'PanLeft' was not declared in this scope

I am trying to add functions in my code but get the error:

‘PanLeft’ was not declared in this scope

Would appreciate being told what I am doing wrong, thanks

#include <SoftwareSerial.h>

SoftwareSerial mySerial(2, 3); // RX, TX

int MyArray[3] = {1001, 1002, 1003};
int ledPin = 13;

void setup() {
  mySerial.begin(9600);
  pinMode(ledPin, OUTPUT);
}

void loop() {

  if (mySerial.available() > 1) {
    int input = mySerial.parseInt();

    // Button 1 pressed
    if (input == 1001) {
      // Function Call
      PanLeft();
    }

    // Buttons depressed
    if (input == 1002) {
      // Function Call
    }

    // Button 2 pressed
    if (input == 1004) {
      // Function Call
    }

    
PanLeft() {
  
}
  
  }
  mySerial.flush();//clear the serial buffer for unwanted inputs

  delay(20);//delay little for better serial communication

}

It looks like you're trying to define PanLeft() inside the loop() function. You can't do that because function definitions have to be made outside other functions.

Try putting your PanLeft definition after the final } of loop().

See comments in code

PanLeft() {  // There is no return type.  Must be void if not another type (void PanLeft())
 
} // extra bracket
 
  }  // extra bracket  These brackets belong at the end of loop().
  mySerial.flush();//clear the serial buffer for unwanted inputs

  delay(20);//delay little for better serial communication

}

If you put your curly brackets each on their own line bracket mismatches a misplaces will be easier to spot.

void PanLeft() 
{
  mySerial.flush();//clear the serial buffer for unwanted inputs

  delay(20);//delay little for better serial communication

}

If you use autoformat (crtl-t or Tools. Autoformat) on your code things like bracket mismatches will show up.

This compiles:

#include <SoftwareSerial.h>

SoftwareSerial mySerial(2, 3); // RX, TX

int MyArray[3] = { 1001, 1002, 1003 };
int ledPin = 13;

void setup()
{
  mySerial.begin(9600);
  pinMode(ledPin, OUTPUT);
}

void loop()
{

  if (mySerial.available() > 1)
  {
    int input = mySerial.parseInt();

    // Button 1 pressed
    if (input == 1001)
    {
      // Function Call
      PanLeft();
    }

    // Buttons depressed
    if (input == 1002)
    {
      // Function Call
    }

    // Button 2 pressed
    if (input == 1004)
    {
      // Function Call
    }
  }
}

void PanLeft() 
{
  mySerial.flush();//clear the serial buffer for unwanted inputs
  delay(20);//delay little for better serial communication
}

Many thanks both.

Groundfungus,

I have taken out the lines where :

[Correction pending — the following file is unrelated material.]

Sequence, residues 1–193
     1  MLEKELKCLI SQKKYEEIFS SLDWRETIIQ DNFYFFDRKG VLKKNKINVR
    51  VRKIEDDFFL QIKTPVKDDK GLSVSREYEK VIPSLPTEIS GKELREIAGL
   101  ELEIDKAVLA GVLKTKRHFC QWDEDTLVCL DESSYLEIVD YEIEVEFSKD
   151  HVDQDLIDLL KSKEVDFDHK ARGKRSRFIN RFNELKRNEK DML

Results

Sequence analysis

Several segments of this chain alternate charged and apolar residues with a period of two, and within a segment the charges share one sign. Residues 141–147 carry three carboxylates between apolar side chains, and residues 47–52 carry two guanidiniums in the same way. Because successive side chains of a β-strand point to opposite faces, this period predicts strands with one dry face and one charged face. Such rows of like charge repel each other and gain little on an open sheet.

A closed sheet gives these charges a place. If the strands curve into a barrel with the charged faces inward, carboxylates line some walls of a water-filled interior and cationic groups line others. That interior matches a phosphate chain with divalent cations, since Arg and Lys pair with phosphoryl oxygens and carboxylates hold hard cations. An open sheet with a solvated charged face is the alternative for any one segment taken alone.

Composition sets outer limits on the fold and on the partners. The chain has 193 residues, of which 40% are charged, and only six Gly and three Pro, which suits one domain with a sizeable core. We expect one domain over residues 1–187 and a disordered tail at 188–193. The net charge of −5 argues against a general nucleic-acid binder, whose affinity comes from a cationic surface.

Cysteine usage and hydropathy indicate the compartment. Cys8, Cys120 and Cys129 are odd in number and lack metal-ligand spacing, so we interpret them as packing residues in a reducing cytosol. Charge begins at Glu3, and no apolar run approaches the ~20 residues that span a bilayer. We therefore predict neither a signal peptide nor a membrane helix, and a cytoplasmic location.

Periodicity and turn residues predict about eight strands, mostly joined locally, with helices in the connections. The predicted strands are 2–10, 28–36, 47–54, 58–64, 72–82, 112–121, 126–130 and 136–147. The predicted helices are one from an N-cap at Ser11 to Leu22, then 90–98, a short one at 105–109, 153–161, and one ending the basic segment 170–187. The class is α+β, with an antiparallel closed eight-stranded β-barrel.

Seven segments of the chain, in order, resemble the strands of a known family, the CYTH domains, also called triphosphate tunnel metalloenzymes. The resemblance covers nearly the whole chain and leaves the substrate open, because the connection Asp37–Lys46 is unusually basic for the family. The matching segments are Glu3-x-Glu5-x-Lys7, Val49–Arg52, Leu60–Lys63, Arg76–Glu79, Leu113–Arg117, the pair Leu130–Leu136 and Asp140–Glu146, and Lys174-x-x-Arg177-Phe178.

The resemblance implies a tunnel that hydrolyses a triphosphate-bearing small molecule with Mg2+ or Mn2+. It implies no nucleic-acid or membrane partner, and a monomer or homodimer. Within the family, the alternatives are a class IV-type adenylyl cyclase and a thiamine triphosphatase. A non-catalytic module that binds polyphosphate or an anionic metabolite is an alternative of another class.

mySerial.flush() … However have I moved it to the correct part to get used?

Also I had used the auto format for my code, however I had to reduce the indent, probably because I had pasted parts in. Thanks

#include <SoftwareSerial.h>

SoftwareSerial mySerial(2, 3); // RX, TX

int MyArray[3] = { 1001, 1002, 1003 };
int ledPin = 13;

void setup()
{
  mySerial.begin(9600);
  pinMode(ledPin, OUTPUT);
}

void loop()
{

  if (mySerial.available() > 1)
  {
    int input = mySerial.parseInt();

    // Button 1 pressed
    if (input == 1001)
    {
      // Function Call
      PanLeft();
    }

    // Buttons depressed
    if (input == 1002)
    {
      // Function Call
    }

    // Button 2 pressed
    if (input == 1004)
    {
      // Function Call
    }
  }
  
  mySerial.flush();//clear the serial buffer for unwanted inputs
  delay(20);//delay little for better serial communication

}

  
void PanLeft()
{
 
}

mySerial.flush();//clear the serial buffer for unwanted inputs

Nope, flush waits (blocks) until the transmit buffer is empty, period. [Serial Flush](http://Serial Flush)Serial Flush Really kind of useless. If you want to empty the receive buffer just read bytes until the buffer is empty (available() == 0).

If you want to know how to do serial comms the right way (no blocking parseInt) serial input basics

Many thanks. What if I put that line/s of code in every function before the code of the function or make it into a function before going to the directed one.? Always a complication somewhere.

I am only using the functions as a clear dedicated space rather than in confined If/Else structure. What happens if I don't clear the buffer, is it all going to get corruped?

What happens if I don't clear the buffer, is it all going to get corruped?